In the 1970s, I belonged to The World Future Society. I even toyed with the idea of becoming a ‘futurist’. I vaguely recall that there was a magazine on the subject and various intellectuals were trying to get prediction raised to the status of a science. According to Wired magazine, the Society still exists and there are people who call themselves professional futurists, but the numbers are shrinking and their status seems to be less than in the past—primarily because the future is increasingly less predictable (if it ever was).
Yet, why do people continue to seek answers to what will the future be? Soothsayers have always been part of community life and we still pay fortune-tellers to give us a clue to what our individual future might be. Why?
I think it is because we still live with the illusion that if ‘know’ something, then we can ‘do’ something—we can have control over outcomes. As various authors have noted, this kind of logic is a bit of a non sequitur: if we really knew the future, then there would be no point to control as it would be predetermined. On the other hand, if we can’t know the future, then ‘controlling’ (which is only possible relative to past experience) is counterproductive and even dangerous. Controlling will always produce more of the same, and increasing numbers of people and organizations are learning it is a formula for bankruptcy.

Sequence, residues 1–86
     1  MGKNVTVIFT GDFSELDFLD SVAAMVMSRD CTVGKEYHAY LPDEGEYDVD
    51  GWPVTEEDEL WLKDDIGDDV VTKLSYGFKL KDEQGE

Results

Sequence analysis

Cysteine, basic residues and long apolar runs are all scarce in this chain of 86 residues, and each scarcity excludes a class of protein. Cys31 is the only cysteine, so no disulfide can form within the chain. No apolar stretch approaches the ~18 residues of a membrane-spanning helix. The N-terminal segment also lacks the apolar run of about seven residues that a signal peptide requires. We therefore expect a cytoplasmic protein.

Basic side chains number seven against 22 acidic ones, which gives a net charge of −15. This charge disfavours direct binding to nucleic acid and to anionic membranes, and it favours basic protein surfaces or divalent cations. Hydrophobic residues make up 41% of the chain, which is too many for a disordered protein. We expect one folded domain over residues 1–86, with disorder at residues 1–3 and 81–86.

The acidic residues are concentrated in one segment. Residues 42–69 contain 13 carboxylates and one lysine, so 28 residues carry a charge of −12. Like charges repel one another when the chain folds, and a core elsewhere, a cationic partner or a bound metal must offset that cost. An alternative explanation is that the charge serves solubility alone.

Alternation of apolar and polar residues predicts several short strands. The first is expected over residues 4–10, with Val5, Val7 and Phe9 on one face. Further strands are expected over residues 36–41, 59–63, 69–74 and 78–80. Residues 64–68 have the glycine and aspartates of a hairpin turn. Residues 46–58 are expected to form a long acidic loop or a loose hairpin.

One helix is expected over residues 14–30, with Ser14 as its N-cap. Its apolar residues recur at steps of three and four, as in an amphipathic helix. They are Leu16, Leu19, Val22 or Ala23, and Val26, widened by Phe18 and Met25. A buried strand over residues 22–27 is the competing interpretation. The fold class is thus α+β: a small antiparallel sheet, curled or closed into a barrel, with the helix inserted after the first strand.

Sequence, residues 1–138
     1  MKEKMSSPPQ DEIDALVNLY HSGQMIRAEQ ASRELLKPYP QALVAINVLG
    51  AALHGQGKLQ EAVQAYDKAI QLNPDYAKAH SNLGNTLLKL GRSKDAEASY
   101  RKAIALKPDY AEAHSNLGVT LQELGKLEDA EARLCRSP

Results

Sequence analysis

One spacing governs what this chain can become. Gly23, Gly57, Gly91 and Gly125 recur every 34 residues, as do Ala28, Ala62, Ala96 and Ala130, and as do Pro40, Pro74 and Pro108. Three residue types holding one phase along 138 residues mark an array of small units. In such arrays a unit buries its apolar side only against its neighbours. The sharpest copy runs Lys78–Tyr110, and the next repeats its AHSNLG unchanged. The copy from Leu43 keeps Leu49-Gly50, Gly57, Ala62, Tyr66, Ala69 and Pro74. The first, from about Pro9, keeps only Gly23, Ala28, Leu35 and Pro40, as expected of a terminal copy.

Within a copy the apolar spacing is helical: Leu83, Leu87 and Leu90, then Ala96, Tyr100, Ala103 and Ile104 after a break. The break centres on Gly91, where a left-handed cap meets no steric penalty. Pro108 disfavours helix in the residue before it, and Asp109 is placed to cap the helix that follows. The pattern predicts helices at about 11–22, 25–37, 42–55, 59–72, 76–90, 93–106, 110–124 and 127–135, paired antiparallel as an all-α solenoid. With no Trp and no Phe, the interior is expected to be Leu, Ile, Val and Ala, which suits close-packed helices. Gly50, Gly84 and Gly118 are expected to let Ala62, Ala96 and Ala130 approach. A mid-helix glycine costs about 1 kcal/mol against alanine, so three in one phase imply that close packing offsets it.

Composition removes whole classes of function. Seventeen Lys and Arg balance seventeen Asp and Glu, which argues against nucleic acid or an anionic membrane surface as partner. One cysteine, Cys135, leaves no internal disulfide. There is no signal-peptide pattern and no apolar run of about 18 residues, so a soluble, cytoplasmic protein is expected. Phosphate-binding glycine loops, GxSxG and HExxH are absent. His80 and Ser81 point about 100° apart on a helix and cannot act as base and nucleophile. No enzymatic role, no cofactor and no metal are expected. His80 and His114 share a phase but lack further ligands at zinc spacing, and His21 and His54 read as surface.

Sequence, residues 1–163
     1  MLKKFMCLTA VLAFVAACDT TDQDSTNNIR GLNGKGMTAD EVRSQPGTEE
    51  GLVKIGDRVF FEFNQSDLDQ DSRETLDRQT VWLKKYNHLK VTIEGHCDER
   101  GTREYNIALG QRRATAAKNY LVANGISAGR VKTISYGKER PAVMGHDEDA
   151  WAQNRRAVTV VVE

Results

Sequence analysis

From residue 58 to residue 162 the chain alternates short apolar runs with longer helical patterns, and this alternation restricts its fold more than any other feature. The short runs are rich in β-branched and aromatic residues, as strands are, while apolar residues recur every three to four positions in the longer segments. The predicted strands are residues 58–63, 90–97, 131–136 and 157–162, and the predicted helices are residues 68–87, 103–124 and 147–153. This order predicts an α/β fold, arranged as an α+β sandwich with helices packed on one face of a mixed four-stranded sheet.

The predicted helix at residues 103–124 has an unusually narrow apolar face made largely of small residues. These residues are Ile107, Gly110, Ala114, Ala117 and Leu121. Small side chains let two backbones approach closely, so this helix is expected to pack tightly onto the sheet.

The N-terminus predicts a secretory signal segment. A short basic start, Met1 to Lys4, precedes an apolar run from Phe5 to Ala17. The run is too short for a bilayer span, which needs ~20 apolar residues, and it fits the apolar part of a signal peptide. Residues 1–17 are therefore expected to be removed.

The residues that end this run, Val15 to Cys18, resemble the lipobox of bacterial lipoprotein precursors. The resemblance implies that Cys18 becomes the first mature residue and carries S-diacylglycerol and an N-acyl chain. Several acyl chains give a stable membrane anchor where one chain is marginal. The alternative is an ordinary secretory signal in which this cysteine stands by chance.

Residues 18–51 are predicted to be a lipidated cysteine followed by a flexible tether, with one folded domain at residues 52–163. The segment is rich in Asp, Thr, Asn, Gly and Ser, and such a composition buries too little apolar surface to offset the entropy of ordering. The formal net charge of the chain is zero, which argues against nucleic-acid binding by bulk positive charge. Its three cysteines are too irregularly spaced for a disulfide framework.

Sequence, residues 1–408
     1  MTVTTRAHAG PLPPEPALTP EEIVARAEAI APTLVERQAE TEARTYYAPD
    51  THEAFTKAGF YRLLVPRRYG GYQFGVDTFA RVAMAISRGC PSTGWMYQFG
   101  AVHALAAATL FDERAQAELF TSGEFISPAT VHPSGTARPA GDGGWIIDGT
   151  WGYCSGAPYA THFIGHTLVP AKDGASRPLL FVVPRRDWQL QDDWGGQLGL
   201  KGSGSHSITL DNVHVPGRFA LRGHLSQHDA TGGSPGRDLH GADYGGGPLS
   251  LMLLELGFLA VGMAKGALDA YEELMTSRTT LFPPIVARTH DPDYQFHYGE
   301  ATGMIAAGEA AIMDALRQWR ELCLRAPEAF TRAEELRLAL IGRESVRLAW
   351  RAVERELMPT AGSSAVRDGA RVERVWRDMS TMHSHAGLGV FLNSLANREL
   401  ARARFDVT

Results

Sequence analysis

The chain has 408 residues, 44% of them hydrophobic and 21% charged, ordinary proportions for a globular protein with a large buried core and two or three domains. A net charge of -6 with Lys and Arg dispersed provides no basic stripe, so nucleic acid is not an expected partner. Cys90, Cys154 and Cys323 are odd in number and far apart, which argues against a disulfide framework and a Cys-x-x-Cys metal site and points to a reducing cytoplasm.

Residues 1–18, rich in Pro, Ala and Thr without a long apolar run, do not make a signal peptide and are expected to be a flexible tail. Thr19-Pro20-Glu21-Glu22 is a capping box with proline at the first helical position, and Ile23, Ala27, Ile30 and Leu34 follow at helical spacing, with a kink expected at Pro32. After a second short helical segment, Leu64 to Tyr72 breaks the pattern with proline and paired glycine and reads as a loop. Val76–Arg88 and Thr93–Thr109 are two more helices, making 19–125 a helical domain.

So what is the alternative? I think it is to master how we relate to the future (and the past). We don’t have control over what will happen and we can’t really trust our predictions or even the predictions of experts. We can’t change the past but we always have a choice about how we interpret and experience what has happened in the past. If we can acknowledge and accept that we really don’t have control over much of anything, then we might begin to live more in the present and discover the amazing truth that we can control (we have a choice about) how we relate to our perceptions of the future and the past.
This is freedom.
When we determine how we relate to the world, we are no longer stuck with a fixed (historical) interpretation of what circumstances mean. We don’t have to be optimistic or pessimistic, since both of these ideas are predictive. We can accept life on life’s terms and continuously make choices based on our commitments in the moment and in a context of our relationships with others. The future is a choice.
In these turbulent times, we simply do not have certainty about what is going to happen. We need to learn to live life one day at a time and entrust the larger, longer-term outcomes to God or the Universe or ‘self-organization’ or whatever theory we have for whatever is driving the larger patterns of our world.